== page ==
Erb’s palsy is a condition caused by nerve damage around the shoulder, or brachial plexus, and usually occurs during a difficult childbirth. These nerves can be injured due to shoulder dystocia (when a baby’s shoulder gets caught on mother’s pubic bone during delivery), excessive pulling on the head and shoulders, and during a breech birth—also known as a feet first birth.

Although Erb’s palsy can be almost immediately apparent following the birthing process, the full extent of the injury may still not be known until a few months later. In the affected arm, babies suffering from Erb’s palsy may experience:

  • numbness, weakness or paralysis
  • reduced spontaneous movement
  • impaired circulatory, muscular, and nervous development
  • a loss of sensory and motor function
  • a lack of grip strength
  • slowed development and reduced size

Physical therapy is generally recommended to prevent arm stiffening in babies recovering from Erb’s palsy. Gentle massage is typically used in conjunction with range-of-motion therapy—both in therapy sessions and at home—to maintain muscle strength, increase flexibility, and avert joint contraction. Hydrotherapy has also been known to be an effective measure when dealing with Erb’s palsy recovery because the reduced gravity environment helps alleviate stress and pain on the musculoskeletal frame. Starting treatment early increases the chances of a full recovery, and it is a good sign if the infant begins to grasp objects or clench fists with the affected arm.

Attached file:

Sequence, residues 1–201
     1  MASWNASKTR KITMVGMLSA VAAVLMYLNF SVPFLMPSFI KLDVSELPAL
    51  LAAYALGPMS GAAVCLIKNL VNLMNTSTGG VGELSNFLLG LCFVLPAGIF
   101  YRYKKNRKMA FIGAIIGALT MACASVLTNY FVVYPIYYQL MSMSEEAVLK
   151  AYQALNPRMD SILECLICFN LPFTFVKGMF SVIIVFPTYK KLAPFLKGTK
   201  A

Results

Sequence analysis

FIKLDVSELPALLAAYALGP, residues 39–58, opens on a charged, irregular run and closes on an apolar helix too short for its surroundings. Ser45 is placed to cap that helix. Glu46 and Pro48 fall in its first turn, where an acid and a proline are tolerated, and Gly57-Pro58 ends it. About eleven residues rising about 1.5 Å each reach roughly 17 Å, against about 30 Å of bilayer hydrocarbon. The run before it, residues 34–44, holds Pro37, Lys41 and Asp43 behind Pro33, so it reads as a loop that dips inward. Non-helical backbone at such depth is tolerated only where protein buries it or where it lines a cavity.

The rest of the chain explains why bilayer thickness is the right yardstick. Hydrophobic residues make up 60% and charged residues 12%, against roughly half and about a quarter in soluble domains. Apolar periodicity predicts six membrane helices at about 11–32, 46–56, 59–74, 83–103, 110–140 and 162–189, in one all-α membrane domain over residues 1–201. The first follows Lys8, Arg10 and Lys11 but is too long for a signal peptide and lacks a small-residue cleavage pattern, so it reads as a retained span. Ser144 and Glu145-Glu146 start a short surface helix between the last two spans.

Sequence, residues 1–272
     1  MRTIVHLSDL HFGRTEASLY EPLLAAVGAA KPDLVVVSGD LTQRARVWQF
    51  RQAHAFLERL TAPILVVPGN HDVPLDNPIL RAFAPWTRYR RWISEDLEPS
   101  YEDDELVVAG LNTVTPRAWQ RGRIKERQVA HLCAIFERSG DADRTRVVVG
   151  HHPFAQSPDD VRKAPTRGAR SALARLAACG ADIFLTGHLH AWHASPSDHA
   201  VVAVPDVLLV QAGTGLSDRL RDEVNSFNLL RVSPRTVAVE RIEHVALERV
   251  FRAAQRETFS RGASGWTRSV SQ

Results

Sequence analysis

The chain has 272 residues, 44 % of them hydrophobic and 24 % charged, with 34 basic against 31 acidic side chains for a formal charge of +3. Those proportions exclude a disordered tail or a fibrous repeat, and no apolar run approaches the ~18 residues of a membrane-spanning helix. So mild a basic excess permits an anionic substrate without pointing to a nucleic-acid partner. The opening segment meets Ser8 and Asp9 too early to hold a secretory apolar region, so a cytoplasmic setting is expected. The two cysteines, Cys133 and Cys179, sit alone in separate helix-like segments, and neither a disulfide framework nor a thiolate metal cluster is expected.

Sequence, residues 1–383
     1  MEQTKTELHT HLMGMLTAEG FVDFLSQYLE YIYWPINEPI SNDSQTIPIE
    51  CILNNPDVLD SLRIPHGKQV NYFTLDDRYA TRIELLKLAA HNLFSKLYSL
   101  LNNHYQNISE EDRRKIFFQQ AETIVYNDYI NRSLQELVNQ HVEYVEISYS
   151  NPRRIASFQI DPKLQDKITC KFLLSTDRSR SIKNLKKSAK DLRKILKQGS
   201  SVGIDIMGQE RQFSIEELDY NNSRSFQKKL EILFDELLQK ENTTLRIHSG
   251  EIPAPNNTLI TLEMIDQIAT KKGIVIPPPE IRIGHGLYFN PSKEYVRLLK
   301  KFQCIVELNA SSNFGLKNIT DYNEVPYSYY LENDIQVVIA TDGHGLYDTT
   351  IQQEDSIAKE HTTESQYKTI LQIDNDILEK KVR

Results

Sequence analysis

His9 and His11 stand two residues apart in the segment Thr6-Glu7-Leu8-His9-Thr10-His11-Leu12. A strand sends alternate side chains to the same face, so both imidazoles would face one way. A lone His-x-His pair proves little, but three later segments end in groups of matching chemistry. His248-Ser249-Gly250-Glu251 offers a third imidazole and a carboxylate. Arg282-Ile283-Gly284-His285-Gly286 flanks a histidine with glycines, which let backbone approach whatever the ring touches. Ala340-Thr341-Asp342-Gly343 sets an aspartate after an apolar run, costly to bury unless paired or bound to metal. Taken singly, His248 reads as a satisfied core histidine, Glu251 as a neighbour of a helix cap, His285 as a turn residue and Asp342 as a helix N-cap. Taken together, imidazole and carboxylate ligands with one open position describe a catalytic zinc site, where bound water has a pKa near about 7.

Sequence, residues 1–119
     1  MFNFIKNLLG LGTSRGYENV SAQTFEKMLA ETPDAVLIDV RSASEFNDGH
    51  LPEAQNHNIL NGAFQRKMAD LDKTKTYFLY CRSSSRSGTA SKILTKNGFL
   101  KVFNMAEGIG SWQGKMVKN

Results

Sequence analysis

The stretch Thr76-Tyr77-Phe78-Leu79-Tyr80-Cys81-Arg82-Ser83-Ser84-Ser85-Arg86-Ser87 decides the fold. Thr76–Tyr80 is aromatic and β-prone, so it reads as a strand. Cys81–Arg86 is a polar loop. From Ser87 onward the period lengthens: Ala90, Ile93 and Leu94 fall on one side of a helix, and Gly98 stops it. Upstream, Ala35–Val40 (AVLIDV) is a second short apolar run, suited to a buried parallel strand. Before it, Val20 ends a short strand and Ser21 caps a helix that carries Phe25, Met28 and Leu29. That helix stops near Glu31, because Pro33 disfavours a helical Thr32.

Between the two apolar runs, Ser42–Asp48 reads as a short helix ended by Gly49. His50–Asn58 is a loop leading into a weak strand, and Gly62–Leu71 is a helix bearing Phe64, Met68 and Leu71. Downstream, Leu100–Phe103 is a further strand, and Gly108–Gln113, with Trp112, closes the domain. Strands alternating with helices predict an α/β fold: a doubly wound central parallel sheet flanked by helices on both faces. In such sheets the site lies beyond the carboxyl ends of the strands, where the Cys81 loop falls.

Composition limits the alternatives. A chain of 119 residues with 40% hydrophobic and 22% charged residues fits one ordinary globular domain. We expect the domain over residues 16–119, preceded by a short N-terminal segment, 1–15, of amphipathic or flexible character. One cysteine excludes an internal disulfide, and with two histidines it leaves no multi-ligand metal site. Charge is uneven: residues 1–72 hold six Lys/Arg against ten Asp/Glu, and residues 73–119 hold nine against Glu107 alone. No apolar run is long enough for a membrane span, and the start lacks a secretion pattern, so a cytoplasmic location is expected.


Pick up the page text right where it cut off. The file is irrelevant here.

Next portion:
Some parents might consider looking into multidisciplinary treatment centers or a pediatric neurologist. If surgery is recommended, it generally is performed within three to six months after birth unless the doctor recommends otherwise. Examples of surgery for patients with Erb’s palsy include nerve graft repairs and nerve decompression. In severe cases, even after surgery the child may experience long- term arm weakness and shoulder rotational difficulties.

Following surgery, additional physical therapy—and in some cases occupational therapy—is generally recommended by doctors to continue the healing process and help children deal with everyday activities such as eating, tying shoes, playing, and a variety of other activities. If a child still has exacerbating problems after treatment and surgery, joint fusion surgery or a transfer of tendons and muscles to improve arm function may be necessary.

At Kline & Specter, PC, we understand how distressing it can be when medical negligence leads to serious injury of a loved one. With more than 30 lawyers, five of whom are also doctors—including two OB/GYNs—we can help with birth injury cases. Kline & Specter has successfully litigated and is currently handling multiple Erb’s palsy cases. Please call our Erb’s palsy attorneys at 800-243-1100 to schedule a free consultation.